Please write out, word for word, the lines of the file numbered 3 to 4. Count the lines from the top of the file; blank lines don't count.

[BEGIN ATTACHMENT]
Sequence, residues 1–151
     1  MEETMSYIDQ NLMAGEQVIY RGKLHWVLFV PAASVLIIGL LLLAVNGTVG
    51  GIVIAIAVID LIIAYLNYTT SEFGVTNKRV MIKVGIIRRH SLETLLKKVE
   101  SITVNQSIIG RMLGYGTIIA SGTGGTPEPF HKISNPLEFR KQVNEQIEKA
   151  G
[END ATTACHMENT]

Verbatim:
    51  GIVIAIAVID LIIAYLNYTT SEFGVTNKRV MIKVGIIRRH SLETLLKKVE
   101  SITVNQSIIG RMLGYGTIIA SGTGGTPEPF HKISNPLEFR KQVNEQIEKA